From a storytelling standpoint, getting the eye-direction working seems to be the biggest one. It’s one of the clearest things that gives the audience information about what your character’s intention is. I find that I’m usually giving students notes on eye-direction up to the end of the assignment.
For this it’s really important to know your character and understand the situation that they are in. You need to approach this part of your work the same way that an actor would and really get in the skin of your character. Know what they want and how they relate to the people or environment around them. Know why they are doing or saying something. Know the point of the shot. This is really a specific case-by-case problem.
ANIMATION MENTOR: What is the most gratifying aspect of being a mentor? Do you learn from the students?
ERIK: Yes, I absolutely learn from students and from the process of being a Mentor.
The previous question about common mistakes is a good example. I’ve found that it’s much easier for me to anticipate the kinds of mistakes I’ll make in my own shots after watching students struggle with them a thousand times. It’s also really easy for me to fix them after giving similar direction to students so many times.
Mentoring has made it much easier to communicate my ideas as an animator (and really in all other aspects of my life to a certain degree as well). It’s kind of incredible, I don’t really get stressed about giving presentations to groups of people now. I used to really struggle with that, but it really is another thing that you can practice and become more skilled at. That’s been a nice surprise.
It’s also a really satisfying and kind of a thrilling feeling to look at a students work and know that I can really help people to improve a lot just by making a few changes. It’s exciting for me because I can see how close people are to getting a good result, even when they aren’t able to see it yet. It feels like it wasn’t that long ago that I was learning the same things.
Most of all, mentoring really keeps me excited and interested in doing animation. Seeing people at the beginning of their careers, and seeing the kinds of potential they have, makes me feel really fortunate to be able to help them continue on their path. That really helps keep me energized in doing my own work.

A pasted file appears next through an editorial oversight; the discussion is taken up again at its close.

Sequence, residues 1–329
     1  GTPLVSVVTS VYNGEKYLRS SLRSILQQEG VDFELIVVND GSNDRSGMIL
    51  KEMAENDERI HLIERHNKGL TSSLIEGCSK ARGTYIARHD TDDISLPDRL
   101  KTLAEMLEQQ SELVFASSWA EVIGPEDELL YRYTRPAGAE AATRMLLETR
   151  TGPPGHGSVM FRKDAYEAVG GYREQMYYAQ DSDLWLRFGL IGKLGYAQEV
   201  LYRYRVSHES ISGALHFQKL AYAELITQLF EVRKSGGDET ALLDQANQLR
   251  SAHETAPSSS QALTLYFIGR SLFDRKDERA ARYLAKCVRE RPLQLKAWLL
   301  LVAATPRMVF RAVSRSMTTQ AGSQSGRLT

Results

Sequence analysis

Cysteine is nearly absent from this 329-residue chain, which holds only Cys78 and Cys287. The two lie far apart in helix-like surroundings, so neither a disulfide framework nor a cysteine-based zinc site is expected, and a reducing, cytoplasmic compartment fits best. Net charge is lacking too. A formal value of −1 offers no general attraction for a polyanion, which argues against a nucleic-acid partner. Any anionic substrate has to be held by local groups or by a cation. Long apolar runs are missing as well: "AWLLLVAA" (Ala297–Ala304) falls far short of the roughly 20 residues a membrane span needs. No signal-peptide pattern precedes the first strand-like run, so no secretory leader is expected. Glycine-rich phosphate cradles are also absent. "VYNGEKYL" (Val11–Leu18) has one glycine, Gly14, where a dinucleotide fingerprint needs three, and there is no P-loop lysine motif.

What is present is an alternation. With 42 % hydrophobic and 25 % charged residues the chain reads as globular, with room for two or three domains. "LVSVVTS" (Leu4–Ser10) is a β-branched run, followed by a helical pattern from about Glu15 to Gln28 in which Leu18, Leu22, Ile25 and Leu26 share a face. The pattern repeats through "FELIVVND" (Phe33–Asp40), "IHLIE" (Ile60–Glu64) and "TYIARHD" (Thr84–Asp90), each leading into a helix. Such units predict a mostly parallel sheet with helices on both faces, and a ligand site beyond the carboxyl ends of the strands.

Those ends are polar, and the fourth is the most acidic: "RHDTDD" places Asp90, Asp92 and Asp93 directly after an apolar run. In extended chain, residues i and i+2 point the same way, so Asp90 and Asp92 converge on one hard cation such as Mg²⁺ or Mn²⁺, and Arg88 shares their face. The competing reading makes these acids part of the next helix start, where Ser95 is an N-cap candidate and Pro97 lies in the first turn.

ANIMATION MENTOR: We hear that humility is a great trait to have as an animator, can you tell us why?
ERIK: Yes, humility is an important aspect. There are a few points to this.
Learning to do animation can be brutal in a lot of ways. It’s extremely time consuming, it requires many different kinds of thinking (sometimes almost simultaneously), and it requires a massive amount of knowledge about a lot of different disciplines. At the same time, the results are always right in front of you on the screen, and you are constantly being critiqued. That’s a lot of pressure. Having a healthy relationship with your pride, and being honest with yourself about your abilities is the best way to survive and ultimately thrive in this situation.
This is a collaborative craft. It’s really necessary to be about communication and work as a member of a team to be effective as an animator. You need to be able to step back and be as critical about your work and your abilities as the rest of the people on your team. You also need to understand that everybody is at a different place in their career as an animator. It’s okay to not know all the answers. Don’t be too proud and scared to ask questions. It’s the best way to improve.
One last thought, it really is important to balance humility with a certain amount of confidence. Show up to dailies with something that you feel is strong, and then don’t be afraid to tear it to pieces. You do want people to have faith in your ability to follow-through, be resilient, and ultimately turn in some really cool looking work. You can be fearless and humble at the same time.
ANIMATION MENTOR: Any closing thoughts?
ERIK: The main take-away from all this is to be an animator first. Get as strong base with all the fundamentals. The same ones really to apply to all types of animation.
Your career path really is your own. It’s up to you to decide what makes you most excited about doing this kind of work. Animation demands so much of your time and energy, and you do need to find a sense of meaning in this work if you want to do it long-term. It’s also important to remember that doing a specific kind of animation may seem interesting or rewarding now, but may not feel that way in a few years.
Remember to be yourself and have fun as well. If you are enjoying your work, the audience is bound to enjoy it too.
Erik Morgansen has been animating for over 20 years and is currently at Industrial Light & Magic. You can see some of his work in Ant-Man, Jurassic World, and Transformers: Age of Extinction. He is also a veteran mentor at Animation Mentor since 2010. He’s taught Animation Basics and Introduction to Acting.